De’Aaron Fox turned in a performance for the ages on Friday night. In one of the most hyped individual showdowns in the recent history of the NCAA tournament, Kentucky’s freshman point guard completely dominated Lonzo Ball, his more highly touted UCLA counterpart. If this was a boxing match, it would have been called before the final bell. Fox racked up 39 points, the most ever by a freshman in the tourney, and the most by a Kentucky player in March Madness since Tayshaun Prince dropped 41 against Tulsa in 2002. Ball, by comparison, finished with 10 points. The game itself wasn’t much more competitive, with Kentucky pulling away to win 86–75, setting up a showdown with top-seeded North Carolina in the Elite Eight, a rematch of their classic game from December 17.
Fox wasted little time making a statement, scoring Kentucky’s first eight points, all on jumpers or floaters off the dribble. The biggest knock on his game — and the reason he isn’t considered in the same class of NBA prospects as fellow point guards Ball and Markelle Fultz — is because he’s such a poor shooter. He is shooting 23.4 percent from beyond the arc on the season, averaging only 1.9 attempts per game, and is in the 13th percentile of jump shooters in the entire country. Fox missed the only 3-pointer he attempted against UCLA, but it was one of the few shots he didn’t connect on: He went 13-of-20 from the field and 13-of-15 from the free throw line.
Fox got to the rim whenever he wanted against Ball, who could not stay in front of him on defense. At 6-foot-3 and 187 pounds, Fox boasts a combination of size and speed that makes him a matchup nightmare. He’s one of the fastest players in the country, a blur who can slide his feet and give opposing ball handlers fits when he’s on defense; he can blow past defenders as if they aren’t even there when Kentucky is on offense. Ball is a good athlete who regularly plays above the rim, and Fox made him look like he had cement in his shoes. His play forced Bruins head coach Steve Alford to move Ball off Fox defensively, but none of UCLA’s other perimeter players had the size to bother Fox from shooting over the top of them in the lane. No matter what the Bruins tried Friday, Fox had an answer.
He was just as impressive on defense. He virtually took Ball out of the game, attacking his dribble and preventing him from getting many clean looks at the basket. There’s a thin line between being a pass-first point guard and passing up open looks, and Ball crossed it against Kentucky. He seemed to hear footsteps any time he got into the lane, and with his 3-point shot off (he was 1-of-6 from deep), he failed to manufacture other ways to score against an aggressive defense that swarmed him with NBA-caliber athletes. Cut the head off a snake and it dies — that’s exactly what happened to UCLA with its floor general struggling to create much offense.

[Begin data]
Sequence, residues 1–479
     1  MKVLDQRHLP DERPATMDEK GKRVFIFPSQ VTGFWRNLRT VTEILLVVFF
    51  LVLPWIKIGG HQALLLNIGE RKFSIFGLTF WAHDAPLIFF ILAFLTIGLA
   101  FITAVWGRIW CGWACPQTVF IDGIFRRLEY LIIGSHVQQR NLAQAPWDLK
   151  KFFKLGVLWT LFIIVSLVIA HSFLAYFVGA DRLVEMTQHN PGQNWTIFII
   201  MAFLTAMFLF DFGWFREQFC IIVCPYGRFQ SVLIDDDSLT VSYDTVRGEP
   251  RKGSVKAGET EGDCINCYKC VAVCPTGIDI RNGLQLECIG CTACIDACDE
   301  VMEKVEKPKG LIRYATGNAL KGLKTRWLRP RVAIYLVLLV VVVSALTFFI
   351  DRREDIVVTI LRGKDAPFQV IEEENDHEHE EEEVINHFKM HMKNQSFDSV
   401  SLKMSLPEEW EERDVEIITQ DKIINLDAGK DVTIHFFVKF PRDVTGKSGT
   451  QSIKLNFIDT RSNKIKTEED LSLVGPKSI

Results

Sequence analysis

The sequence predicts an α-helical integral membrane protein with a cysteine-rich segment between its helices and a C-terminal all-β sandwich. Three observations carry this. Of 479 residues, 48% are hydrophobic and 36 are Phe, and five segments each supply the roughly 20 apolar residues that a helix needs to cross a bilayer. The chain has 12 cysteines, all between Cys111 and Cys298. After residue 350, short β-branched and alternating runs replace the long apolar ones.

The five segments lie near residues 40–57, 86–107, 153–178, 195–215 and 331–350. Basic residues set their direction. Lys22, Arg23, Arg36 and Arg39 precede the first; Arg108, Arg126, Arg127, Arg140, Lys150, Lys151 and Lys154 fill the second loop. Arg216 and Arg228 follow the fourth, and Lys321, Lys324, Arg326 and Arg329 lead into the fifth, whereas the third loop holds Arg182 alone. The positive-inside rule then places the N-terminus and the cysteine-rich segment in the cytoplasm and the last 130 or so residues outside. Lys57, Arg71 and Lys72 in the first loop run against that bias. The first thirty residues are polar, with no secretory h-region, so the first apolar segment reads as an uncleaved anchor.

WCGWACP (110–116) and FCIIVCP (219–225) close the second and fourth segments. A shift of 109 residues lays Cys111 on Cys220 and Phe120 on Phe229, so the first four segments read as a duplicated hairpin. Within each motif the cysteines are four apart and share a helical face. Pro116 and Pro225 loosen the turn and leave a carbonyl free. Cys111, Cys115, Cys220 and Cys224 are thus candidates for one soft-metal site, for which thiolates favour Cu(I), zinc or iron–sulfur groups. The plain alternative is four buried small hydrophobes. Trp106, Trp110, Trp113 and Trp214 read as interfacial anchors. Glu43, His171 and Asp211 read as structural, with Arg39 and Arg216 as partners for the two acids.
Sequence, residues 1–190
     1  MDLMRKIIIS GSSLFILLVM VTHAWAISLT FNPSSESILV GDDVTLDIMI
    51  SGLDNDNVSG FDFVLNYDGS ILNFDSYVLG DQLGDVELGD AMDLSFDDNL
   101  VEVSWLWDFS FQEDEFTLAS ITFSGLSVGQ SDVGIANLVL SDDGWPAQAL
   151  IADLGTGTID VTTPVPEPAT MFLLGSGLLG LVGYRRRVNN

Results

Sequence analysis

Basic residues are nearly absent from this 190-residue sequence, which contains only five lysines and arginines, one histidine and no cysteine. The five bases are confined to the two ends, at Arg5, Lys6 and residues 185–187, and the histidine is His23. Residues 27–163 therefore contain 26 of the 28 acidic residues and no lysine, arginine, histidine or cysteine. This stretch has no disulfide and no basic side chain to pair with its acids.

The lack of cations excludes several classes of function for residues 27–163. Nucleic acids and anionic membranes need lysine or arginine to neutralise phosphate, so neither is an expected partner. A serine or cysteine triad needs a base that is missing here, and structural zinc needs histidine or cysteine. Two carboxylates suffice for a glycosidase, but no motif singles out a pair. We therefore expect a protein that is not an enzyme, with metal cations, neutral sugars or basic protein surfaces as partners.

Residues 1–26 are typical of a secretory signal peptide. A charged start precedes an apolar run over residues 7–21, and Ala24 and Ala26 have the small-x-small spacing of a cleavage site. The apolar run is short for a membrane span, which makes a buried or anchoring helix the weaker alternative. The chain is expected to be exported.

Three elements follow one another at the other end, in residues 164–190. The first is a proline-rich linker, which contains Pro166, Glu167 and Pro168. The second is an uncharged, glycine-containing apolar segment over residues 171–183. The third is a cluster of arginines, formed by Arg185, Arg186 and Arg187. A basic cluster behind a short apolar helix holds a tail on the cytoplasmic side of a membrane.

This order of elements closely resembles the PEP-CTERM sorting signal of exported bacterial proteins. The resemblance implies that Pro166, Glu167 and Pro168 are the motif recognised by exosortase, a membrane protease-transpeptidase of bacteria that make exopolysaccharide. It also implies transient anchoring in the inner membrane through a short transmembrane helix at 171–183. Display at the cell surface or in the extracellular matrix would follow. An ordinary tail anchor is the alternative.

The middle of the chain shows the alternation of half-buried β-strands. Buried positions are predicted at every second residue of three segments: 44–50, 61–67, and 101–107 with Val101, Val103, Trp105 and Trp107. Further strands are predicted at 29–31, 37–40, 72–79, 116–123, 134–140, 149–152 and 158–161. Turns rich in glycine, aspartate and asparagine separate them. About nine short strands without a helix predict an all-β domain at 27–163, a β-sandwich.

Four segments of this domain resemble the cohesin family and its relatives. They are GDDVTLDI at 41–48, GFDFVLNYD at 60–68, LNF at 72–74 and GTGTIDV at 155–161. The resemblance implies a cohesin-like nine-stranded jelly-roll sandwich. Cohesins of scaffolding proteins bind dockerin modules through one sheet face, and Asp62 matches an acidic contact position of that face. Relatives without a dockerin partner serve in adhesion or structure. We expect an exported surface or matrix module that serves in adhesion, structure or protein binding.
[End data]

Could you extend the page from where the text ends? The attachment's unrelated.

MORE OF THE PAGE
The Bruins have the second-rated adjusted offense in the nation according to KenPom, and there were stretches against Kentucky when they couldn’t get a good look. That’s a testament to the Wildcats, who have won 13 in a row largely thanks to the strength of their defense. With the exception of freshman forward TJ Leaf, who had 17 points on 7-of-11 shooting, everyone else on UCLA’s roster depended on Ball to spoon-feed them open shots. And while the Bruins normally take care of the ball well for a team that plays as fast as they do, they had 16 assists to 13 turnovers on Friday. The passing windows were tighter than usual, the driving lanes were nonexistent, and UCLA’s free-flowing offense was stuck in the mud for most of the night.
Were it not for Fox and his backcourt partner Malik Monk, Kentucky’s offense wouldn’t have been much better. Head coach John Calipari’s team didn’t have a very balanced scoring effort: Fox and Monk combined to score 60 of the 86 points. They shot 21-of-37 from the field; the rest of the team was 10-for-26. Stars shine brightest on the biggest stages, and the two future lottery picks looked the part, with Fox collapsing UCLA’s defense and Monk knocking down shots when the ball swung back out. They complement each other extremely well, and the Bruins had no counter to their combination of size and athleticism. Few teams do.
It will now be up to North Carolina to stop them, and Fox and Monk had their way with the Tar Heels in their first matchup, a 103–100 Wildcats’ win. UNC, which is more experienced and plays better defense than UCLA, will likely try to keep the ball out of the duo’s hands as much as possible. Kentucky will need more strong shooting performances from seniors Dominique Hawkins and Derek Willis, who went a combined 5-of-11 from 3 against UCLA and did just enough to prevent the Bruins from completely overloading to stop Fox and Monk.
No matter what happens on Sunday, the way Fox played against Ball is going to raise a lot of questions for the NBA teams drafting at the top of the lottery. While UCLA won the December game between these teams, Fox got the better of that individual matchup as well, and Ball’s issues when facing a player with his Fox’s athleticism raise concerns about how his unique skill set will translate to the next level. Fox, on the other hand, could see his stock skyrocket: If he can keep shooting like he did on Friday, there’s no telling how good he can be.